Table 1 shows validation accuracies when training a model on data from one scanner, and evaluating it on another. Both model architectures suffer from poor generalization when no augmentation is used, with significant drop in mean accuracy ( percentage points (p.p.) mean drop from same-scanner data to unseen data). Adding color augmentation results in better generalization across the datasets ( p.p. drop), with similar performances on both unseen datasets. Stain normalization performed adequate on one of the unseen datasets (Scanner 2), but had a quite large drop for the Scanner 3 data (mean of  p.p. drop). CycleGAN gave best performance on same-scanner data, but these high values in accuracy did not transfer to the other data sets ( p.p drop).

Figure 3: Each row shows example images that maximally activates different filters in models Simple CNN (left) and Mini-GoogLeNet (right), trained with (from top to bottom): original data, color aug., stain norm., and CycleGAN. Best viewed digitally.

3.2 Feature visualization

Images visualizing features that give maximal activation of filters in the last convolutional layer are shown in Fig. 3. Note that color reproduction may not be completely accurate, since no regularization on maximal pixel values is done during the optimization process. However, the relative color differences between the models can be compared, showing that the Mini-GoogLeNet model trained with color augmentation completely ignores the color components in the images. This is in strong contrast with the model trained on original data, which seem to react to one or two colors only. Thus, it is not surprising that the generalization to another domain is poor – if the representation is highly dependent on color information, we can expect that small differences in color distribution will affect the performance negatively. Since differences in color is one of the most evident visual differences between images from different scanners, this is indeed the case.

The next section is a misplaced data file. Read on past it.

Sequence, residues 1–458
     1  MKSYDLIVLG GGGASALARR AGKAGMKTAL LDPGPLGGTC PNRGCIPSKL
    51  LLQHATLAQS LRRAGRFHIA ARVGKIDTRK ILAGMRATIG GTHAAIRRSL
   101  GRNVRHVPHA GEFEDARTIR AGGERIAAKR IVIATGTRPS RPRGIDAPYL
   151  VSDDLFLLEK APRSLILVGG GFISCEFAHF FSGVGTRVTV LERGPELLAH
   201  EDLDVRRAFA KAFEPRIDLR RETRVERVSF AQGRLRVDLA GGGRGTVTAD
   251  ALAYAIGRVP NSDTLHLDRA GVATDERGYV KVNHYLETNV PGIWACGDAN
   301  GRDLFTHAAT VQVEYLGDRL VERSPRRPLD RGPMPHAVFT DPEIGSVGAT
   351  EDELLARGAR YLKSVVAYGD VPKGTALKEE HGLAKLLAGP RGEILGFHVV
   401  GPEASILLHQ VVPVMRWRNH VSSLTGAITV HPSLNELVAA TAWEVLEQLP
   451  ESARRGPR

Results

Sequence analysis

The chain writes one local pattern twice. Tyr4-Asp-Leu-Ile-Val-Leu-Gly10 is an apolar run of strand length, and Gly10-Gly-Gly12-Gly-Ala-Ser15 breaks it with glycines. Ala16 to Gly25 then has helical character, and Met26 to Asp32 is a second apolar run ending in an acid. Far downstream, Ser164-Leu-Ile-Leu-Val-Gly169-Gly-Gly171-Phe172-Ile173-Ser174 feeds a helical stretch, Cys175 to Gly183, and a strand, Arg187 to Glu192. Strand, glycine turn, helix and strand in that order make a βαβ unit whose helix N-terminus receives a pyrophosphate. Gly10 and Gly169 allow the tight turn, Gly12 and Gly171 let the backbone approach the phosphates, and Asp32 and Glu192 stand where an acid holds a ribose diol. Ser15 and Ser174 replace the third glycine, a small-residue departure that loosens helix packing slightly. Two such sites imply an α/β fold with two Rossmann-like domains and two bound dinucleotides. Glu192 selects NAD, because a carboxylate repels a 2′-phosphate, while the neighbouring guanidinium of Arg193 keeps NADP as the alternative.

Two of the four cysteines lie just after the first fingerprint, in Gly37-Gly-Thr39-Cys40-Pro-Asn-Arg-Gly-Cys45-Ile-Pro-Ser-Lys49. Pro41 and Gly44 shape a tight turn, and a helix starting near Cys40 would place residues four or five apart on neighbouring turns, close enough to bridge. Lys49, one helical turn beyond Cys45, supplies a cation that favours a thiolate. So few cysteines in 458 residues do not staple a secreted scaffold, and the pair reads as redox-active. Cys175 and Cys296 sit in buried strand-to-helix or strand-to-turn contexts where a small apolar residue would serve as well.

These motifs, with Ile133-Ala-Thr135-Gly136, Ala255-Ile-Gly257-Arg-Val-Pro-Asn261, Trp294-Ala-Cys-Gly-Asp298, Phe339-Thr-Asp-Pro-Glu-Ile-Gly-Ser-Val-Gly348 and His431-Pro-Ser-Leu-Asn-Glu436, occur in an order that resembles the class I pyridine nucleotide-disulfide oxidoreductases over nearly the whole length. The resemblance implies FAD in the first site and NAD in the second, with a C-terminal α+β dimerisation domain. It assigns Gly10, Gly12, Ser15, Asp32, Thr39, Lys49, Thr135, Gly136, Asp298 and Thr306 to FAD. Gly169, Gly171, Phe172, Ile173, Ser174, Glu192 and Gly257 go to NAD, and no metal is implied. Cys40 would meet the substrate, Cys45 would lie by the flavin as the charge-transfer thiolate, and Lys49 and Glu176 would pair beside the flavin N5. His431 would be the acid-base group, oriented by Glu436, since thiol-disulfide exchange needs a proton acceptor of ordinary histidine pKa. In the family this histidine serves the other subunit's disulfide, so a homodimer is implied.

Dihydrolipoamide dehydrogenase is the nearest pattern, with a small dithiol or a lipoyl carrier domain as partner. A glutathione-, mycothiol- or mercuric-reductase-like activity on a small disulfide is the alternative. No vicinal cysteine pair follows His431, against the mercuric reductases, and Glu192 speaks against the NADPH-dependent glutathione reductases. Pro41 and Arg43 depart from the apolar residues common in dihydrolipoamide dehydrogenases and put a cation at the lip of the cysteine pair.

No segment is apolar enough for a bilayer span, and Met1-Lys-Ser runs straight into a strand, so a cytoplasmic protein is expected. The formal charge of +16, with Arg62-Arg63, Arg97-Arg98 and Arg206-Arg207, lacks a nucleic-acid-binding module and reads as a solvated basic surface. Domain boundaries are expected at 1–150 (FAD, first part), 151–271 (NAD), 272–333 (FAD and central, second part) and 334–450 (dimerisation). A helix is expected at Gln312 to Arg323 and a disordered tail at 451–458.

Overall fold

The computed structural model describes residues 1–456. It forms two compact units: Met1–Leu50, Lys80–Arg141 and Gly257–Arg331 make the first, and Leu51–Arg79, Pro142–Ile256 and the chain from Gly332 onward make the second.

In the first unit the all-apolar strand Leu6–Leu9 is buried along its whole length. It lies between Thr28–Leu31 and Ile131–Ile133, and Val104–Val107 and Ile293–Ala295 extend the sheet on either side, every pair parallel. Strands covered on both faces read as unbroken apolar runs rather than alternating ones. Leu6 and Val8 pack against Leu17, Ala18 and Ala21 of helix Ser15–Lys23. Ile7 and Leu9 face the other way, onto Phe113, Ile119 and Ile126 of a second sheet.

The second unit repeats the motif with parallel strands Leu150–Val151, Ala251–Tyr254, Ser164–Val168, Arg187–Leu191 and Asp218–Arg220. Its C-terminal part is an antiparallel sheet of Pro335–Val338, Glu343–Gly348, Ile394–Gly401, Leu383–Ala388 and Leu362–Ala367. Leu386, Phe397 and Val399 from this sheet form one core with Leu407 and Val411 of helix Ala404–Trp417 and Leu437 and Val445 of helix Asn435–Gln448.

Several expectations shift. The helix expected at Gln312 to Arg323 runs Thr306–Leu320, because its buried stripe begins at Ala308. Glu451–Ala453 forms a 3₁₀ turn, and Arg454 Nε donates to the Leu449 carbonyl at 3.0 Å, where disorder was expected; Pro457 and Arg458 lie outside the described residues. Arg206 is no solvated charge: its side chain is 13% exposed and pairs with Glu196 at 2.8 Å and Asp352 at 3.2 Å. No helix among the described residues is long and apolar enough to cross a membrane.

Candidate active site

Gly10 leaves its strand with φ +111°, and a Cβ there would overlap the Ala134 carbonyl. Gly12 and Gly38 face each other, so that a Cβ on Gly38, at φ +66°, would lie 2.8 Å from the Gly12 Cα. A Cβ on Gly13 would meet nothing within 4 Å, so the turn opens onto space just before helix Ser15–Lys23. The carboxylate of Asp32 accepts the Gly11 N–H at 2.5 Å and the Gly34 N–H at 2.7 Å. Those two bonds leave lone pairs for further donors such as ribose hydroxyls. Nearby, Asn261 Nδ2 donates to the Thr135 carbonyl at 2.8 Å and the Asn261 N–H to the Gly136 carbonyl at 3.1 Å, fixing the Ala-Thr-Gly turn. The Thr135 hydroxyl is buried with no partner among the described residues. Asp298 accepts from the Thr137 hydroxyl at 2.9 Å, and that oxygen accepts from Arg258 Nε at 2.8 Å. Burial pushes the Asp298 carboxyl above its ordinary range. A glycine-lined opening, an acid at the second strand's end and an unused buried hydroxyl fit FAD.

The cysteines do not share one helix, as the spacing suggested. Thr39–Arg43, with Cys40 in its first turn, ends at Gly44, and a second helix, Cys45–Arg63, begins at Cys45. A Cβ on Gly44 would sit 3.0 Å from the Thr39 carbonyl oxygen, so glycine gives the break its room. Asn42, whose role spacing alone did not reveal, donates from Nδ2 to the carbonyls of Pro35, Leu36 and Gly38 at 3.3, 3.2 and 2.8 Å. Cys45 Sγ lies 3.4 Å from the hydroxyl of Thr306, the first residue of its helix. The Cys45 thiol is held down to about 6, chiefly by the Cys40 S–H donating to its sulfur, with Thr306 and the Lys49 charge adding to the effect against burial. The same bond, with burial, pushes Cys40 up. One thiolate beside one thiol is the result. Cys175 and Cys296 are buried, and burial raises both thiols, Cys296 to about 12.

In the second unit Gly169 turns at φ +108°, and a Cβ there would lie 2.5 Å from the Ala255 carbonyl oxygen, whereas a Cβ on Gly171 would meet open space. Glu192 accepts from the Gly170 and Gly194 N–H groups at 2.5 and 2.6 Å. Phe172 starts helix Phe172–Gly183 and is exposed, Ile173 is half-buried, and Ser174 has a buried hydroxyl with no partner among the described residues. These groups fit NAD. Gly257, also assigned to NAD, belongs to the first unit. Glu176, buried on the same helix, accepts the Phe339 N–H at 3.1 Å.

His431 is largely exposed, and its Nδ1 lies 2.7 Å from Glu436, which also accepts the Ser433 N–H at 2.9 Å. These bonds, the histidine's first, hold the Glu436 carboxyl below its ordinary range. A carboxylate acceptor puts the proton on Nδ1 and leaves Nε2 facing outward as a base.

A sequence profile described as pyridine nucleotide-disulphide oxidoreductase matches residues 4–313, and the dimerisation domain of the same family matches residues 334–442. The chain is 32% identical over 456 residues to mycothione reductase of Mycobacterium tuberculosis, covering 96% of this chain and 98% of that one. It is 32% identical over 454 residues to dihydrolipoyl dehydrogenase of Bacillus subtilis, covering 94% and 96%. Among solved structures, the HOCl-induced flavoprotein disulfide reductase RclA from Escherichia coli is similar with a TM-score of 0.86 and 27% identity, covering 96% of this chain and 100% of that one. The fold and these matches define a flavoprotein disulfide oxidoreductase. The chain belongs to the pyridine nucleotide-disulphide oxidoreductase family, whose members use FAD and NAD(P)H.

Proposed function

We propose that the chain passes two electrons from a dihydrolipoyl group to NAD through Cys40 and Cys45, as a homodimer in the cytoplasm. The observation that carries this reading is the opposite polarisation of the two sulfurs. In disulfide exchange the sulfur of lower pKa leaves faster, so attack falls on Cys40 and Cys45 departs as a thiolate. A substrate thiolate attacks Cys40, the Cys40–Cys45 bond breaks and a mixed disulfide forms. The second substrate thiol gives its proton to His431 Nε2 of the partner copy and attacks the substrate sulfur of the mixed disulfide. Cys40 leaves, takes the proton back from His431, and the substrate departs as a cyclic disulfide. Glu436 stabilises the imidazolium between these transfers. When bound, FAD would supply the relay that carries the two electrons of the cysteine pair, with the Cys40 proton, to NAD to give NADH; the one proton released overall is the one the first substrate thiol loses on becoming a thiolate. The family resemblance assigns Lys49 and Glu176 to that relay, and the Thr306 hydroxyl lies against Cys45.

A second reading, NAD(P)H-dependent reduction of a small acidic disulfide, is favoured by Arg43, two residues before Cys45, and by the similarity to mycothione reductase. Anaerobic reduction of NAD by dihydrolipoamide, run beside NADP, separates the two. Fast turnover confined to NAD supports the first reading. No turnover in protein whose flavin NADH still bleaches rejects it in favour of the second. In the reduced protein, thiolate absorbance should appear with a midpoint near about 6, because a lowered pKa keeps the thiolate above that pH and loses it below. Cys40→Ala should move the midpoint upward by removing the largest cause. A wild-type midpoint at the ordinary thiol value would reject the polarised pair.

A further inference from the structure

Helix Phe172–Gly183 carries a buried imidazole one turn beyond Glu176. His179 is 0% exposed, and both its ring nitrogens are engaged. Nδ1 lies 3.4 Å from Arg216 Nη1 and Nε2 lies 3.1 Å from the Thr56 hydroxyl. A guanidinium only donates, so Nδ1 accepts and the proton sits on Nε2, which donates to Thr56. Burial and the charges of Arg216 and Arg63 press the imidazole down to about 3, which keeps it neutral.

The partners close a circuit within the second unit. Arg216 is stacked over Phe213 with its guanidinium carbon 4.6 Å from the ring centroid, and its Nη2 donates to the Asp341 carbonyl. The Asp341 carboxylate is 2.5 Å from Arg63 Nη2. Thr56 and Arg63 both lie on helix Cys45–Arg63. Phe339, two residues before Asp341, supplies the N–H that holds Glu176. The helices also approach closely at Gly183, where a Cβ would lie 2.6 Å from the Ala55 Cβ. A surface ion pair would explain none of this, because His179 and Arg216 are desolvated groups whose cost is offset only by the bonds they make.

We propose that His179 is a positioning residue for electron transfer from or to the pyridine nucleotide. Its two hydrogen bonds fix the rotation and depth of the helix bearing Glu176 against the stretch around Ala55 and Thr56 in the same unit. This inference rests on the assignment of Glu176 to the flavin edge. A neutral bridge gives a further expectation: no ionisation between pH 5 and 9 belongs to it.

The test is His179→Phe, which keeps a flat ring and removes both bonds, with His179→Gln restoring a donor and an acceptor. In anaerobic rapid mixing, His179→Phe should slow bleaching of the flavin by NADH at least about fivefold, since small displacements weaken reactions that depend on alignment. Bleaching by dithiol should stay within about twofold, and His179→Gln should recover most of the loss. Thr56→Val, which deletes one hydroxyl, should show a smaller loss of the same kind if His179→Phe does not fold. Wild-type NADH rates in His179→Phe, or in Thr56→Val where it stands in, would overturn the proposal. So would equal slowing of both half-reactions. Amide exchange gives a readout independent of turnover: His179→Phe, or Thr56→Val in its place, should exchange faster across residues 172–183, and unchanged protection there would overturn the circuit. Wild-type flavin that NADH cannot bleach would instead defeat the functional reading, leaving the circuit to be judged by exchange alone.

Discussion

Images from Mini-GoogLeNet reveal that the models have learned cell-like circular structures, and trained with color augmentation or stain normalization show even stronger resemblances with nucleus structures and cell membranes. The Simple CNN architecture seems to find more low-level structures, which might indicate that the model has not learned the expected features which separate tumor cells from non-tumorous tissue. Both stain normalization and CycleGAN transformation unifies the color variations in the dataset, which is visible by a more homogeneous color scale in these images.